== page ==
Have you ever heard someone say that “Catholics believe they are re-sacrificing Jesus” in the Catholic Mass? I have. And guess what; that’s not the teaching of the Catholic Church regardless of what you might have heard! What follows is what is really happening in the simplest terms I can communicate.
Terminology is the key in Catholic mass
Part of the problem with understanding Catholic teaching is really just a terminology problem. For Catholics, the word “sacrifice” is a more robust word for what many Protestants mean when they use the word “offering.”
Tell a Protestant you made a sacrifice at church, and they might imagine you mean you took out a knife and plunged it into an animal at an altar, or worse (as some people mistakenly believe Catholics teach)—you re-nailed Jesus to the cross again (and again and again).
Tell a Protestant you gave (or received) an offering, and they’ll typically imagine putting money into a plate or bag as it is passed around.
Catholic teaching is not that a priest is “crucifying Jesus” again, or that Jesus is dying again for our sins in the “sacrifice of the Mass.” Then what exactly is Catholic teaching on the Sacrifice of the Mass?
In Catholic teaching, there are actually two sacrifices (offerings) that are coming together so that the one becomes truly present in the other, and indeed, as the other, and can be appropriated into the very being of everyone who receives it.
First: The Sacrifice of the People – During a Catholic Mass, members of the parish will make their way to the back of the church to pick up trays of bread and bottles of water and wine. They will then walk up the middle of the aisle and “offer” these things to the priest, on behalf of all the people present, as their “sacrifice” (again, think “offering” if it helps you). These plain elements—water, bread and wine—are both God’s creation (He made everything in them), and the work of the people (“work of the people” is a composite of two Greeks words: leitourgía (people-work) translated “Liturgy”). It is people who brought these things to the Lord. Someone had to bake the bread and make the wine out of God’s grain and grapes, right? In a sense, the first sacrifice is an offering of God’s creation (through the ordinary elements that stand for our whole lives) back to the creator. These ordinary things are brought to the meal table (“the altar” to use the language of worship) and offered to God in a specific way. In fact, the priest asks the people to pray together as one voice for him as he sets them on the table on their behalf by saying:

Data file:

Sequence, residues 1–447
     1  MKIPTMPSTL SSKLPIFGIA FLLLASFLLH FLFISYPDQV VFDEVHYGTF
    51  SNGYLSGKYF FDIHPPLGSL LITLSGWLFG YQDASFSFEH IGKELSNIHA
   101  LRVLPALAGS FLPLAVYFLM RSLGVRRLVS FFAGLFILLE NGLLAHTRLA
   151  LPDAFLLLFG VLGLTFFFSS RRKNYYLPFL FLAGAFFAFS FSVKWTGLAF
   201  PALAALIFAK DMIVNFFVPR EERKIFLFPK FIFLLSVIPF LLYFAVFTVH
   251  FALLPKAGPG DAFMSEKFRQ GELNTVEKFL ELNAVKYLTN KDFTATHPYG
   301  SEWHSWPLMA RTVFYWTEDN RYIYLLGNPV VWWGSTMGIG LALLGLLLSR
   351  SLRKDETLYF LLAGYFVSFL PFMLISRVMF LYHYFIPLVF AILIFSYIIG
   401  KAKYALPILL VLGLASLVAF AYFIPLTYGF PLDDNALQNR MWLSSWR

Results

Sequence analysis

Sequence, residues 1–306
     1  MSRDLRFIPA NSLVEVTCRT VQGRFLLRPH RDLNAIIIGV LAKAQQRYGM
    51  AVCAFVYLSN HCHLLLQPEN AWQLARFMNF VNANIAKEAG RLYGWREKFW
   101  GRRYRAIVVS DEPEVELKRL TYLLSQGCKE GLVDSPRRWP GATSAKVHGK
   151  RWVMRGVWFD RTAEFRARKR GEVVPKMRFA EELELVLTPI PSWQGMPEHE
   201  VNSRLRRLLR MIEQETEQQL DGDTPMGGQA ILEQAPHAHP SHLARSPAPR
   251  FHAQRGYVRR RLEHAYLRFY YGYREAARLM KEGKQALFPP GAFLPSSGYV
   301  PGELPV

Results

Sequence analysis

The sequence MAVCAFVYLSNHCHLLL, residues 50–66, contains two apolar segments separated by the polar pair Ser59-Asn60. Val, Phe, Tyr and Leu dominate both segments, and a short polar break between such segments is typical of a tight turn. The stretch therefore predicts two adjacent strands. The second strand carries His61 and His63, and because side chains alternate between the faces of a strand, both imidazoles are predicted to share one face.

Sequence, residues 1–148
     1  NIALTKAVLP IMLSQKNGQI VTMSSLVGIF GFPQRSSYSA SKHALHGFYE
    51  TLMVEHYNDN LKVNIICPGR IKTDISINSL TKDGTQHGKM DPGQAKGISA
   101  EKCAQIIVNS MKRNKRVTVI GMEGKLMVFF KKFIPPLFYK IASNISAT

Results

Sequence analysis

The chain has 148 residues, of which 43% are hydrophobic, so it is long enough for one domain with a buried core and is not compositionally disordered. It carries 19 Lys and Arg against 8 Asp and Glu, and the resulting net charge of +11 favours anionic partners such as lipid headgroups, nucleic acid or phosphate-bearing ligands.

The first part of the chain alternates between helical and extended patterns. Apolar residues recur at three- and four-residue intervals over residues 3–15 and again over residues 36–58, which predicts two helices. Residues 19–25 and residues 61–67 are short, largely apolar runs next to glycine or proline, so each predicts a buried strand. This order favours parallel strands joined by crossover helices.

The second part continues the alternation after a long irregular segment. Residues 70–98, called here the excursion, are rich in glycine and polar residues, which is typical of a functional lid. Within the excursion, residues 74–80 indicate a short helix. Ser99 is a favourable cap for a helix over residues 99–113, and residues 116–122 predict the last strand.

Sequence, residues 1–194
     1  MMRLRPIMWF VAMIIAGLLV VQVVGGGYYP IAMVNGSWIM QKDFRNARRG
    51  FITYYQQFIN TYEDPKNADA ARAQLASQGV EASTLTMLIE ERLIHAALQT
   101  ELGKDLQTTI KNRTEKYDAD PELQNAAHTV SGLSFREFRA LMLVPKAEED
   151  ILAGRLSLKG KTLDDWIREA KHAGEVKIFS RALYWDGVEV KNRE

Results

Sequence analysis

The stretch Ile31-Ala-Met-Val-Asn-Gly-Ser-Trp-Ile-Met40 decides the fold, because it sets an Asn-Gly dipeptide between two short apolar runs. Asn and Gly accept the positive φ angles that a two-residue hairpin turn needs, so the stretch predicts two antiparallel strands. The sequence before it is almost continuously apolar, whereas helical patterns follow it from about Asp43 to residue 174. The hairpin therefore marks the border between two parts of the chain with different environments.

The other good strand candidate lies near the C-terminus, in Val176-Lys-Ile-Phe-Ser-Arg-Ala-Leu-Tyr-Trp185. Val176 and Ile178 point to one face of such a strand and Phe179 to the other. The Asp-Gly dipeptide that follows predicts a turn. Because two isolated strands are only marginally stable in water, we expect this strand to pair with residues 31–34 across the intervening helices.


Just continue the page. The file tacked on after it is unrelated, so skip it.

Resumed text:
“Pray, brothers and sisters, that my sacrifice and yours may be acceptable to God, the almighty Father.”
To which the people respond with one voice in prayer, with the words…
“May the Lord accept the sacrifice at your hands for the praise and glory of his name, for our good and the good of all his holy Church.”
What’s all this? This is simply people asking one of their own (the priest who presides) to bring their ordinary things to the dinner table. These ordinary things re-present (I hyphenated it on purpose so you’d say “REE” instead of “REH”) their labor, their work, their time, their blood, sweat, tears, energy and talents. These realities are all bound up in the sacrifice (offering, gifts, etc.) of these ordinary elements. It’s kind of like saying, “God, by giving you these ordinary elements, we are all here together saying that we give you our entire lives. We surrender all!” This first sacrifice is communicated on behalf of all the people by one person who has been designated to stand in for all of them with bread, wine and water.
Second: The Sacrifice of Jesus – During the liturgy, the priest will then ask Jesus (who died for our sins, once and once only, 2,000 years ago, and who rose from the grave, and who ascended to God’s right hand, ever-alive and ever making intercession for us, cf. Heb. 7:25) to come and make what He has done on the cross a present reality, and to join who He really is (the crucified and risen Lord of Lords), to those ordinary elements. Jesus, who, as it says in the book of Revelation, is “a Lamb, looking as if it had been slain, standing at the center of the throne” (Rev. 5:6) graciously answers the prayer of His people, and comes to be fully present in the midst of His people in the consecrated bread and wine. He is not “re-sacrificed,” but rather, his once-for-all sacrifice is “re-presented” (there’s the hyphenation again), and becomes a truly-present (i.e., “real presence”) reality available to His people.